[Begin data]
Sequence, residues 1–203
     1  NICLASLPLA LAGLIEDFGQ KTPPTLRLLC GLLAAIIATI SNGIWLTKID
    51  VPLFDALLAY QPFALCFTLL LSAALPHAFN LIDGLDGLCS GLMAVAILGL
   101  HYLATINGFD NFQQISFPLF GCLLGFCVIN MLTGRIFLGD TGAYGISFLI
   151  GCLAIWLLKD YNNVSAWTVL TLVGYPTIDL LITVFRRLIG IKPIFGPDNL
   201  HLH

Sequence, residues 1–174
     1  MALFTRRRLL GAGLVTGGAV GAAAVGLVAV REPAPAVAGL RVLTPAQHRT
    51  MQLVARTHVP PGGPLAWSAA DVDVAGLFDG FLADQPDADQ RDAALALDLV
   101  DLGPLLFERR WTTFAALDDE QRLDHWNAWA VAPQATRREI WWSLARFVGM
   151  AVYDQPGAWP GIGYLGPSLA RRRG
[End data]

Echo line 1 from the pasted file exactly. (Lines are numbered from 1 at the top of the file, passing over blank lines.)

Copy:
Sequence, residues 1–203